The holiday season is the ideal time to break away from your diet and reward yourself for all the hard work you’ve done all year. One excellent way to add flavor to your holiday meals and desserts without adding calories, fat, and sugar, is with the use of spices! Aside from tasting amazing, the spices listed below also have a plethora of health benefits!
No surprise here, cinnamon is one of the most versatile and delicious spices on the planet! Whether you’re using it in your cookies, hot cocoa or coffee, you can eat easy knowing that you’re doing your body a favor. Cinnamon provides a surprisingly reasonable amount of fiber, which can help keep you feeling full and satisfied. When shopping for cinnamon, opt for Ceylon over the common Cassia cinnamon. Ceylon is scientifically known as Cinnamomum verum, or “true cinnamon.” It’s the preferred variety for its sweeter, more delicate flavor.
Ginger’s warming sensation and potent flavor make it a must-have spice for the holiday season. It adds a wonderfully pungent zest to cookies, muffins, cupcakes and gingerbreads. Ginger has long been lauded for its ability to soothe tummy woes by combating gas, nausea and upset stomach. You won’t have to think twice about reaching for those delicious gingerbread cookies. If shopping stress is getting to you, sit back and relax with add a warm glass of ginger-spiced almond milk. Sweeten it with honey and a pinch of cinnamon for good measure!
Nutmeg is an excellent holiday spice that adds warmth and sweetness to eggnog, pumpkin pie and a variety of savory dishes. This beloved spice is known for its calming effects on the mind and body. Add a dash of nutmeg to your sweet potato casserole this Thanksgiving to help you get through a house-full of guests, a day’s worth of cooking and a mountain of dishes with more ease than ever before.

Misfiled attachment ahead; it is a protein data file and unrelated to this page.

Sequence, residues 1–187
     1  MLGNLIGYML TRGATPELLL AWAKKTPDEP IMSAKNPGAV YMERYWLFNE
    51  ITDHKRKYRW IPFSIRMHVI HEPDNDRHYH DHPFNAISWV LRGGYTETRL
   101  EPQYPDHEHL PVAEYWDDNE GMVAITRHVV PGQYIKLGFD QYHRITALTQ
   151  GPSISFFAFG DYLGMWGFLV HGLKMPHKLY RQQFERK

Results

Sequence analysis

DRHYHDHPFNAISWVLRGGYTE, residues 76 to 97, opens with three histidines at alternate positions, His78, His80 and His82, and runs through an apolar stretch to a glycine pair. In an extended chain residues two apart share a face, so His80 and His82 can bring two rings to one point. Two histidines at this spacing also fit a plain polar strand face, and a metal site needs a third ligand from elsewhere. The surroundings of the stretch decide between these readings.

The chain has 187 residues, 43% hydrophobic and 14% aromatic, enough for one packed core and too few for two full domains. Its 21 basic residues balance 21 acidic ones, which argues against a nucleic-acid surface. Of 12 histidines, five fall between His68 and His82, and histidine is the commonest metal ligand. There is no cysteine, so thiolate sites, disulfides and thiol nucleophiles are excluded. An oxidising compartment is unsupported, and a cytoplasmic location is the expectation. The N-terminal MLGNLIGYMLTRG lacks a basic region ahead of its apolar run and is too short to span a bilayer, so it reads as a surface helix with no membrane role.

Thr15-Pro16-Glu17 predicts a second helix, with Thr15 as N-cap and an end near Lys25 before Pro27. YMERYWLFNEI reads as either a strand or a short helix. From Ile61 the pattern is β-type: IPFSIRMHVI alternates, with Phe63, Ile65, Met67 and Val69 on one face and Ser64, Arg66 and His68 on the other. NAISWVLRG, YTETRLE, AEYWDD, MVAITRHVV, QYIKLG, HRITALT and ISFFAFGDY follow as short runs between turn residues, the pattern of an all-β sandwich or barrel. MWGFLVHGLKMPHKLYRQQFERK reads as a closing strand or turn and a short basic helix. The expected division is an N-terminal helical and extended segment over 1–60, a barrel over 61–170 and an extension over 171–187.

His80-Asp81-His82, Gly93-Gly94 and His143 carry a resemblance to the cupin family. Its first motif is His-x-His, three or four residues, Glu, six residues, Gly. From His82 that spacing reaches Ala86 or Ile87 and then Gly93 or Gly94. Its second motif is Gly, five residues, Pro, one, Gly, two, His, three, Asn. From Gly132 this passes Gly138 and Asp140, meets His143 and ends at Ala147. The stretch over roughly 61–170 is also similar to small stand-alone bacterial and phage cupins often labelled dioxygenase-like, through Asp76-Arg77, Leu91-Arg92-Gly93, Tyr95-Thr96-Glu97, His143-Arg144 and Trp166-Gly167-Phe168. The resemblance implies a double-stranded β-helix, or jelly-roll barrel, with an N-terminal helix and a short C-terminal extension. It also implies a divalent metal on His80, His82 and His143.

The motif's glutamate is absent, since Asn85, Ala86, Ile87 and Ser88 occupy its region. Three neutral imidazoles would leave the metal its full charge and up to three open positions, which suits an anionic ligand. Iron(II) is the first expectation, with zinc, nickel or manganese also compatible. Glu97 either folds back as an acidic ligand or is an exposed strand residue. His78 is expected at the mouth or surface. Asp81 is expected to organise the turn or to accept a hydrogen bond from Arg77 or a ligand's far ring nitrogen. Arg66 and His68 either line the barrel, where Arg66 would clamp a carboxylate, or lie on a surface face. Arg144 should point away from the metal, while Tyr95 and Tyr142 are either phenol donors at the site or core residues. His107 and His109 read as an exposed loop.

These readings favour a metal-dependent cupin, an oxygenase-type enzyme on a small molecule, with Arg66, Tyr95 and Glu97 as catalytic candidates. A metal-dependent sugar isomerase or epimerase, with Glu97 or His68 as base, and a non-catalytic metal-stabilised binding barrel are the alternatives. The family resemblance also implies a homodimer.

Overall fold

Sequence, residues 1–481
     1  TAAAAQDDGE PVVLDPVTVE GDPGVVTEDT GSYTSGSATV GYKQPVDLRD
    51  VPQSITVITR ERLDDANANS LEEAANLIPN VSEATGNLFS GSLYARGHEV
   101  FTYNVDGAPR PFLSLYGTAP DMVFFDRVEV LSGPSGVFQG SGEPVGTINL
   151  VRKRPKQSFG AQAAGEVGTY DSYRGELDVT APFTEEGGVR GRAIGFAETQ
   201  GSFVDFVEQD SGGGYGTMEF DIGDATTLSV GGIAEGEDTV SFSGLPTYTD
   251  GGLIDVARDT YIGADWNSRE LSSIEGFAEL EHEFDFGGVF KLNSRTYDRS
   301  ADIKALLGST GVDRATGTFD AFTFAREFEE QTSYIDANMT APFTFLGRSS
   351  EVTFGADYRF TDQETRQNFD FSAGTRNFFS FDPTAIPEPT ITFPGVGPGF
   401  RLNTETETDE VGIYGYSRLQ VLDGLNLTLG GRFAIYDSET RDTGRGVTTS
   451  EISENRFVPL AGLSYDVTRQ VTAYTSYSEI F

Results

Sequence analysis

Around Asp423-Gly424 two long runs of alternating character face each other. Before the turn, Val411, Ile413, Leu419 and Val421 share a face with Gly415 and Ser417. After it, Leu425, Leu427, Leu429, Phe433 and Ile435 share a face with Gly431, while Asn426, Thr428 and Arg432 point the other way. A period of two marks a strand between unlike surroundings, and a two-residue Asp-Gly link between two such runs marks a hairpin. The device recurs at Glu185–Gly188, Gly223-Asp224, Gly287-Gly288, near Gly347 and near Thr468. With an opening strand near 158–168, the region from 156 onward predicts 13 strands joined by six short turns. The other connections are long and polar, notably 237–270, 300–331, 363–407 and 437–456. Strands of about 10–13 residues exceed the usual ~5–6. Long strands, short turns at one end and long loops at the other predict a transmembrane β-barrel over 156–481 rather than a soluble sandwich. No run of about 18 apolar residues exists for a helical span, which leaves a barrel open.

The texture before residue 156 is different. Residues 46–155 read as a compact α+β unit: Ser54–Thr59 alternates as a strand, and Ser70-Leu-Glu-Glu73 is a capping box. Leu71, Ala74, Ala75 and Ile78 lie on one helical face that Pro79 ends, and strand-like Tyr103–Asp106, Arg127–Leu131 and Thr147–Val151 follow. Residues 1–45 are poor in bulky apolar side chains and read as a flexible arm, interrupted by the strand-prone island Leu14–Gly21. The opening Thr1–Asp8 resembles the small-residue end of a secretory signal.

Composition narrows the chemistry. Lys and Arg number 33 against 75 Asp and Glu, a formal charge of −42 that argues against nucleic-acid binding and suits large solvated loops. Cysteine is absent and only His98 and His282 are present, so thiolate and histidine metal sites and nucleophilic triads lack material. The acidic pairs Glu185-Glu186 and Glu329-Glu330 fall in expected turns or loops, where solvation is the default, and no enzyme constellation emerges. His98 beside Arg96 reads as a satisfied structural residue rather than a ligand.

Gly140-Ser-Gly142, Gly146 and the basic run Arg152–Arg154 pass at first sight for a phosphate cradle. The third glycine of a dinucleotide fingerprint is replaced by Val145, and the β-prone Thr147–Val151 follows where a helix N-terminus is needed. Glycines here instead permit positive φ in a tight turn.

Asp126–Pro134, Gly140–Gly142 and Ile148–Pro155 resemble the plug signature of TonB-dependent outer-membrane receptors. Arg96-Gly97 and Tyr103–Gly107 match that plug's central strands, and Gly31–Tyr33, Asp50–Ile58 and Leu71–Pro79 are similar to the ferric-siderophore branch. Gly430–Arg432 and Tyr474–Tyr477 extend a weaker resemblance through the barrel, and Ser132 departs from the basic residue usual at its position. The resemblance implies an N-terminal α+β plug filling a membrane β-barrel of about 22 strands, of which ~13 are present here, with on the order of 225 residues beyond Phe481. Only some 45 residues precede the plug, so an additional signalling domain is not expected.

Cloves are recognized by their sweet, warm flavor and earthy smell. It’s a wonderful addition to curry dishes and meat, as well as pies and cookies. Cloves are rich in antioxidants, fiber and omega-3 fatty acids. This spice also contains eugenol oil, which acts as a natural anesthetic. It’s important to use cloves sparingly, because large quantities are not only potent for your dishes but can leave your mouth numb.
Not to be confused with the evergreen from the Southeastern United States, this star-shaped, anise-like spice is native to Vietnam and China. If Chinese star anise is not in your pantry, it’s time to pick some up before your big feasts. In traditional medicine, star anise seeds are chewed after a meal to aid digestion. This spice also contains significant amounts of shikimic acid, which is known for its immune-supporting benefits. While it’s commonly used to add spice to Vietnamese cuisine, star anise has a flavor similar to cloves and adds a powerful punch to cookies and other holiday sweets.
Spices are at the heart of every good (and healthy) chef’s best dishes. When the holiday season is over, keep up with your spice cabinet by learning more about new and interesting flavorings from our spice index. Experiment with a variety of healthy options to liven up your best plates!